What Really Happens When You Quit Social Media?

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I’ll be the first to admit that I’ve totally walked into a tree in my haste to catch up on missed Twitter notifications. Sound familiar? You and I both know we’re all obsessed with our phones. Burning eyes? Check. Procrastinating and then stressing out about it after? Check. Why not get rid of some of these negative side effects? As crazy as it sounds to quit social media, a cleanse is more doable than you’d think.

But just how do you resist that strong pull? “Social media give us the option to stay in continual contact with others but also offer great flexibility in how often and in what ways we actually do so. College students live their lives at a fast pace, and social media outlets allow them to ‘scratch their social itch’ whenever they want or whenever they can,” said Florida State University James E. Kirk Professor of Communication Arthur Raney.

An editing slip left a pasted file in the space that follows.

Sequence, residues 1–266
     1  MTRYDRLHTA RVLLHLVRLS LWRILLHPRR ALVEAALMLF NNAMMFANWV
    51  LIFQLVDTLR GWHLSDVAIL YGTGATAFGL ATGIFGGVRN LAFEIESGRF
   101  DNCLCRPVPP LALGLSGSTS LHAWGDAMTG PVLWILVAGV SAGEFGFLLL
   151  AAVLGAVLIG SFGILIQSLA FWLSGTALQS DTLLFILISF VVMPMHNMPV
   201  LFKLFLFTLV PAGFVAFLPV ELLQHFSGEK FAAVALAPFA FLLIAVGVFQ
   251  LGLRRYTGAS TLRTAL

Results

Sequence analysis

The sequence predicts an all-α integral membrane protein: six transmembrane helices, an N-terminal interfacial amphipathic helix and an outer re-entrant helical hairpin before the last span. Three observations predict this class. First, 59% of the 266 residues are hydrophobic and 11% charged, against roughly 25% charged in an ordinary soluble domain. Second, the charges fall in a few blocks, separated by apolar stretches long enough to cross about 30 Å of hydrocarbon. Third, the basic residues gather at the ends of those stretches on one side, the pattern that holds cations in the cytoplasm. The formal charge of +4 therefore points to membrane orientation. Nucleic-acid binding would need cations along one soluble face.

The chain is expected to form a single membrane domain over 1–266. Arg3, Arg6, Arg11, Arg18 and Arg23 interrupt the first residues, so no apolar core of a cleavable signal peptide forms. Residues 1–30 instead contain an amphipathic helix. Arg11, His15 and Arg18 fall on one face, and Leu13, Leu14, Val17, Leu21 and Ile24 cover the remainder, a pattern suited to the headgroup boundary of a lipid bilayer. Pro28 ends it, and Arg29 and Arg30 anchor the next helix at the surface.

Besides that, social media just feels good. “For instance, we post a picture and receive likes, comments and shares, and this positive attention can boost our moods. When this happens, we begin to have positive associations with social media use, and we are drawn to it when we feel the need for that positive boost,” said Dr. Katherine Dale, a postdoctoral scholar in positive media psychology from FSU.

Hard to pull away from? Yes. Impossible? Definitely not. FSU professor Jay Rayburn said some of his friends quit Facebook after the 2016 election. “I do know some of my friends have just said I can’t take this anymore… [They’ve] just completely gone off the site. And from what I gather they hadn’t missed it a minute.”